If you’d like to watch the International Space Station fly over your back yard this week you’ll want to be outside before dawn. ISS visible passes go through cycles due to Earth’s rotation below the station’s orbit. This week the visible passes are in the morning for North America. Remember we’re able to see ISS reflecting sunlight when it passes over our location just prior to sunrise or following sunset.
This week we have an even more intriguing chance to watch ISS followed by a Russian Soyuz spacecraft on Thursday and Friday mornings 16 and 17 December. The ISS Expedition 26/27 Crew will be launched to ISS aboard Soyuz 25 on Wednesday, 15 December at 19:09 UT (2:09 pm EST). The Soyuz will dock with ISS Friday afternoon. It takes about 46 hours from launch to docking for Space Shuttles, Soyuz, Progress and other spacecraft. By now I hope you have figured out where I’m going with this.
If there is a visible ISS pass at your location on Thursday or early Friday I suggest you watch for the Soyuz following ISS. I expect Soyuz 25 will be trailing ISS by at least 20 minutes on Thursday morning. On Friday it should be following ISS by a minute or two, since it will be about 7 hours from rendezvous and docking for observers in the Americas. Click the Heavens-Above link on the right side of the page to check pass times for ISS and dozens of other spacecraft for any location in the world. I have had the good fortune of seeing ISS flying in “formation” with Space Shuttles and a Russian Progress cargo spacecraft. Progress and Soyuz are very similar in size. Once Soyuz TMA 20 has launched I expect orbital tracking data will be available on the websites linked below.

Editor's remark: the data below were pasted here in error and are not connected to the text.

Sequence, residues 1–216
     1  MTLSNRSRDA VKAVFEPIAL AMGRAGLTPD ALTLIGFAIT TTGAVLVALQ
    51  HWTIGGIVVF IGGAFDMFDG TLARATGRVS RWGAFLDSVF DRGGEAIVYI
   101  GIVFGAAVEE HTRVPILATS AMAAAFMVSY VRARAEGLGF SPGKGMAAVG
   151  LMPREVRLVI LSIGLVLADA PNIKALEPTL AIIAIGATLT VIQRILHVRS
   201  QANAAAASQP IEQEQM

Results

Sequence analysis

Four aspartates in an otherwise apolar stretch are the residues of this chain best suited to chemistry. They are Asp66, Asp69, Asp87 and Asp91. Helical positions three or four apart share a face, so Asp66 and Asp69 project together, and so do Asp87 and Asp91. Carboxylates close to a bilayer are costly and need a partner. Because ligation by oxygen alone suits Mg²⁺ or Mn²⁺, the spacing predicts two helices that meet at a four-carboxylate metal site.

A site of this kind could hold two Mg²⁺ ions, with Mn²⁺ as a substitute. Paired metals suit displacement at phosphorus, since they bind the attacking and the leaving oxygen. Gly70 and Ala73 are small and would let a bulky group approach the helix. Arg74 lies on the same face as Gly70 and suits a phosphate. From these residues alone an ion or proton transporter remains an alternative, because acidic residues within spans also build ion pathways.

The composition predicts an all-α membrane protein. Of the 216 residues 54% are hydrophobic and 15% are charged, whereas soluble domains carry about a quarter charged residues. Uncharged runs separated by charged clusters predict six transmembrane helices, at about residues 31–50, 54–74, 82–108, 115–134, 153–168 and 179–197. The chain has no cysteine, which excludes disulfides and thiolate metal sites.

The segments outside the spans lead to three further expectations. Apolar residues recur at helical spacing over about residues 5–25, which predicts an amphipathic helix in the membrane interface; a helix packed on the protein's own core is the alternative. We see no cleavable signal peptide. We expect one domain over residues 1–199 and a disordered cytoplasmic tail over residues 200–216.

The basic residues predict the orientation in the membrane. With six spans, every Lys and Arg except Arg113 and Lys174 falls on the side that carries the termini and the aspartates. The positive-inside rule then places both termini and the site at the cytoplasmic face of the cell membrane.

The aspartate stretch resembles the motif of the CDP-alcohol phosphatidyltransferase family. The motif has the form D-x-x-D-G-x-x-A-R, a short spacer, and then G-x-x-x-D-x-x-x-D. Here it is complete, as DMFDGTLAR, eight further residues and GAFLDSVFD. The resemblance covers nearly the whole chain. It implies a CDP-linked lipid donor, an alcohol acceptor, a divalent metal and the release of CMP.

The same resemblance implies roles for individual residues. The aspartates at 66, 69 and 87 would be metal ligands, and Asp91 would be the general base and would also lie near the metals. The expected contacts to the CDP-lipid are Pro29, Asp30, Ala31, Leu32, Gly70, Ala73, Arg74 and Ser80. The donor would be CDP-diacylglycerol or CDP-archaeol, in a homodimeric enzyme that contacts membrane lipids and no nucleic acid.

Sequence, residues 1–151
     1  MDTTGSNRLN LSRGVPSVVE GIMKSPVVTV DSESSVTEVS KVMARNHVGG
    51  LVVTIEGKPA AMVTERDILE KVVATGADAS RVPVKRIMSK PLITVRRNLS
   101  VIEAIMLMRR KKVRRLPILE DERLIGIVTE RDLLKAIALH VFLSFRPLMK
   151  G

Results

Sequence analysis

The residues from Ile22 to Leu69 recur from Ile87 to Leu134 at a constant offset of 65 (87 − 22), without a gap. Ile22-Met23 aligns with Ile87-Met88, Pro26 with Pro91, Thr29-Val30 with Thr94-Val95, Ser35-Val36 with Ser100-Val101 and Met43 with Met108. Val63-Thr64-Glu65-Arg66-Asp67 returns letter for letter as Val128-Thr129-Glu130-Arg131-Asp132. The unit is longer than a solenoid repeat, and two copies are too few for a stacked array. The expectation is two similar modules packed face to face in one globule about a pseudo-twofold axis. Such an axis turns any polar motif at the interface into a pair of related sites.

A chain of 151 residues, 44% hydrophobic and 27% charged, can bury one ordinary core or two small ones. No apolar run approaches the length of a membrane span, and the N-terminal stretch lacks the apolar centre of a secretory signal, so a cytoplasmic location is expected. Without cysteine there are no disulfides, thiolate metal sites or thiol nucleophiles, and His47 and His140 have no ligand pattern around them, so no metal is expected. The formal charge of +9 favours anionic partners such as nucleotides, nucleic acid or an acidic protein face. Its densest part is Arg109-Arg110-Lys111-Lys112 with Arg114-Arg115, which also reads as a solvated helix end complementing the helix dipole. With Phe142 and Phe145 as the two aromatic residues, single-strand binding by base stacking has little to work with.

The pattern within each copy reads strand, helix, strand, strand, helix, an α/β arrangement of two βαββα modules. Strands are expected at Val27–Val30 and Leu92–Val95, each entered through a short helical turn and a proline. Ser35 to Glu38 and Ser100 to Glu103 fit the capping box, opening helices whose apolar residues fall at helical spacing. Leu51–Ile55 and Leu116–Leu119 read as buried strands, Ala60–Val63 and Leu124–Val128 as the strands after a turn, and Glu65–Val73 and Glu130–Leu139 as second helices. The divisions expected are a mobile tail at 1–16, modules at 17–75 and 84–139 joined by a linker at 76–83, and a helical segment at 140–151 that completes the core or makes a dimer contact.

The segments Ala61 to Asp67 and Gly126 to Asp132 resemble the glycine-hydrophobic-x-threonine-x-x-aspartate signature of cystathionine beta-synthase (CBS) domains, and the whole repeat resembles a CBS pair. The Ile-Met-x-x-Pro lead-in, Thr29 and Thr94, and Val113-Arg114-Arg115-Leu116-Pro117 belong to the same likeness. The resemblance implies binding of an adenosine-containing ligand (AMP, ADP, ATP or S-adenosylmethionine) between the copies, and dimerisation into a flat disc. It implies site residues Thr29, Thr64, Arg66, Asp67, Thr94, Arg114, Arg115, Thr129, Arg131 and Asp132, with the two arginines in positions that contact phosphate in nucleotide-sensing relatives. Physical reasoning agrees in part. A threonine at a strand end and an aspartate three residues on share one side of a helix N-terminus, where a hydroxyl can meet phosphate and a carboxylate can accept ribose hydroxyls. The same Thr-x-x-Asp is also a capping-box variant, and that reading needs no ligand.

Image above: The Soyuz TMA-20 spacecraft is rolled out by train on its way to the launch pad at the Baikonur Cosmodrome, Monday, Dec. 13, 2010, in Kazakhstan. The launch of the Soyuz spacecraft with Expedition 26 Soyuz Commander Dmitry Kondratyev, NASA Flight Engineer Catherine Coleman and Italian astronaut Paolo Nespoli is scheduled for Wednesday, Dec. 16. Image Credit: NASA/Carla Cioffi
For observers in Kentucky and Southern Indiana visible ISS passes will occur as follows:
Tuesday 6:50-6:54am WSW>SE peaking 45 degrees;
Wednesday 5:43-5:44am E>SE peaking 25 degrees;
Thursday 6:08-6:10am S>SSE peaking 30 degrees
You can also “observe” Soyuz/ISS passes via radio. During orbital operations while Soyuz is enroute to ISS monitor the following frequencies:
121.750 Mhz (Soyuz/ISS ranging/docking and FM voice)*, 130.167 ISS (ranging/docking), 143.625 ISS, 166.000 Soyuz/ISS, 259.700 STS ISS Crew/payload transport AM voice
Zariya Russian Spaceflight
NASA Soyuz timeline